"Neurorack." Get it? A first look at prototypes of the rack module (left) and desktop (right).

“Neurorack.” Get it? A first look at prototypes of the rack module (left) and desktop (right).

Oh, sure, you can convert MIDI and clock and DIN and control voltage. But how about brainwaves? How about jacking your noggin straight into your synths and controlling synthesizers only with your mind?

It’s not quite like The Matrix, yet, if that’s what you’re imagining. But some crafty Italian inventors/experimental musicians have already whipped up a working prototype of hardware that interfaces brainwave-sensing headsets to synthesisers via analog signal and MIDI. And tomorrow, the 26th of July, they’re putting their heads where their money is, premiering the whole system in a live performance.

The boxes are designed to work with the Neurosky MindWaveMobile headset, a headband that reads brainwaves as electrical signals on the surface of your skin. You might have seen this before, but we were able to grab a new image.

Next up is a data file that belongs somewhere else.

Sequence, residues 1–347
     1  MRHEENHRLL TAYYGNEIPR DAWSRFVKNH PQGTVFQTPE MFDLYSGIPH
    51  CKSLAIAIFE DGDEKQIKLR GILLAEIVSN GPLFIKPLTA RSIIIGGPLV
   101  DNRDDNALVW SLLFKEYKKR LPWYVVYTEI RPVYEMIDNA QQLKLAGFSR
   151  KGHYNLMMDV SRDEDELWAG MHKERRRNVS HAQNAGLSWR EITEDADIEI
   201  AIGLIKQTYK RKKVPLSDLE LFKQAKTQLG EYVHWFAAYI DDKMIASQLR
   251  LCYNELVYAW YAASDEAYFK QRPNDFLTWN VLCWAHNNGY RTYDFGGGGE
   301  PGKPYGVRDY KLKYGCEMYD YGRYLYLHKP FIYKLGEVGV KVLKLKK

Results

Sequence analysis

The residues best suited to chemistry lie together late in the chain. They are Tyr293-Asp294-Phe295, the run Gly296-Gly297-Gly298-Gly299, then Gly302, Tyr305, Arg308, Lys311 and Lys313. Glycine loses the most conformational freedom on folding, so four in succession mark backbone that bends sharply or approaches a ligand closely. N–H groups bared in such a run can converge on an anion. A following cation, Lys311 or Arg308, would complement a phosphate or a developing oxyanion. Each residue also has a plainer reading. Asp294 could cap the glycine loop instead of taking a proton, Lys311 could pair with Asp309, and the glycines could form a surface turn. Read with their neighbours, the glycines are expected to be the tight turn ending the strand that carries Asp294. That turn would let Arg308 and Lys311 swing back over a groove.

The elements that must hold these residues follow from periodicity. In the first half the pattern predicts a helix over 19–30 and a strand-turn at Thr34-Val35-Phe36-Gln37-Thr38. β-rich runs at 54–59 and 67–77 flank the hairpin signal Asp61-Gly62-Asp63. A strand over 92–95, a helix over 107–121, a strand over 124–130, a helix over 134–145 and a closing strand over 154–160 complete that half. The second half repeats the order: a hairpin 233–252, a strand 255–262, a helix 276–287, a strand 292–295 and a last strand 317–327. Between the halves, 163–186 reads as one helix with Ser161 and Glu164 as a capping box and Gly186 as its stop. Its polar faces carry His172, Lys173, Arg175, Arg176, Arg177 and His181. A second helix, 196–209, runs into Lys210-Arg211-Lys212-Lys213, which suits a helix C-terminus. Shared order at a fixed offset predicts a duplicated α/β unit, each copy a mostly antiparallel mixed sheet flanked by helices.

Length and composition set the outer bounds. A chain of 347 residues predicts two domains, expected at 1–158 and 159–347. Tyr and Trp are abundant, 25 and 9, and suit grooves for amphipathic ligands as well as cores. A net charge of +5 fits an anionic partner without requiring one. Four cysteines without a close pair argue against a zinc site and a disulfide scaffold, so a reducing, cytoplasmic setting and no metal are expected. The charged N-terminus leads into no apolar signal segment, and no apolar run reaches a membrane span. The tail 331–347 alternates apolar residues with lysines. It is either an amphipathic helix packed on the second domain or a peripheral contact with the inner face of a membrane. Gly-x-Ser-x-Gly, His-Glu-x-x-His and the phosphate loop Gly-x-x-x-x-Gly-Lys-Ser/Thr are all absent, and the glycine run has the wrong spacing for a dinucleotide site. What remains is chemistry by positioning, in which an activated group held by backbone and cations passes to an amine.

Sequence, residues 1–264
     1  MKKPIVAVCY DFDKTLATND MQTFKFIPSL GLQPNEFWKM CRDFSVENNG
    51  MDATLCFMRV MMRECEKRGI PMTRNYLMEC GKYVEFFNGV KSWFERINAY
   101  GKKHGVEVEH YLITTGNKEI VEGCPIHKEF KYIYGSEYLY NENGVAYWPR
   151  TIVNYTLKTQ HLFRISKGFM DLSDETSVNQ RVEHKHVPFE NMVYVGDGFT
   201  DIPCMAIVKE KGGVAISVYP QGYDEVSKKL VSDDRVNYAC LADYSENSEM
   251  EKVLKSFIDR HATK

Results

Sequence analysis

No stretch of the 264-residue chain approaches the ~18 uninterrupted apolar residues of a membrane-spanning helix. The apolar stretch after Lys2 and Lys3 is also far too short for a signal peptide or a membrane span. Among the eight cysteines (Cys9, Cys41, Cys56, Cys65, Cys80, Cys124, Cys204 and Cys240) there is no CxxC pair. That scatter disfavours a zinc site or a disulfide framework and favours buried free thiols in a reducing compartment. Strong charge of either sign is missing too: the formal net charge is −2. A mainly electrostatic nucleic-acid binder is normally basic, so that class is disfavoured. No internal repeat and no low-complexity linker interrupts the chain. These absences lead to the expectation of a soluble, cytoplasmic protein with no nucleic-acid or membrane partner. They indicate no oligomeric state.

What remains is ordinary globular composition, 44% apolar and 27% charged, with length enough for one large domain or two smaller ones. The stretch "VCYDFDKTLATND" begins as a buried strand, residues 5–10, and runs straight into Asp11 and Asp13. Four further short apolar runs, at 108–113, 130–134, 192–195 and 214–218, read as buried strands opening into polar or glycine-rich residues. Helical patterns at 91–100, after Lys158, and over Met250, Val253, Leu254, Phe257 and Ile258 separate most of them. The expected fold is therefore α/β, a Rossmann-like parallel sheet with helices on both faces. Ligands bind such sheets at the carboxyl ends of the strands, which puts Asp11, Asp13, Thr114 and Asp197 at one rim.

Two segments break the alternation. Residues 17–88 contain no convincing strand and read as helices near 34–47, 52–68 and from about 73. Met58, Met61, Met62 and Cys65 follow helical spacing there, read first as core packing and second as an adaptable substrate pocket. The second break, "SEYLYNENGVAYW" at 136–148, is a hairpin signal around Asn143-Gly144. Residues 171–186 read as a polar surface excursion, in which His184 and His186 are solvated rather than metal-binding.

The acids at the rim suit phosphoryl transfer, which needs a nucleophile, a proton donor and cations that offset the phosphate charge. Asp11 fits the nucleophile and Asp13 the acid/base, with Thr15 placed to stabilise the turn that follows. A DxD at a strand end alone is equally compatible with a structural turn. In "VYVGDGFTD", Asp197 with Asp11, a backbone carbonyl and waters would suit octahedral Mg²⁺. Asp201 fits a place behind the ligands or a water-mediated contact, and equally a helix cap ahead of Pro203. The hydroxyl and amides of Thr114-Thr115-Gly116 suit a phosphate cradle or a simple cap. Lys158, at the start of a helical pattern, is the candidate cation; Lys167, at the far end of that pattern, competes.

Your brain is the input; control voltage or MIDI is the output. In the works is a desktop, standalone unit, as well as a Eurorack for modulars – but the difference is form factor only; both perform the same tasks:

  • Read brainwaves (EEG) directly, across 8 bands
  • Respond to the analyses of the MindWave headset, like “Attention” and “Meditation”
  • Graphic OLED display for configuration
  • Customization: “Smoothing of the signals, trigger threshold, additional algorithms, scaling, midi channel and cc for each output are completely configurable.”

For hackers and builders, you also get a serial RS232 interface so you can get at these signals directly (output) or send commands to the hardware (input).

The desktop unit looks beautiful:

Digital rendering of the desktop unit.

Digital rendering of the desktop unit.

That mobile version of the headset is nice, too, as it’s the one that works with other devices )like your phone).

Hanging around Luglio, Italy, this weekend? (Hey, maybe one reader is.) If so, you can catch a live Deep Profundis performance using brainwaves, at Acusmatiq festival.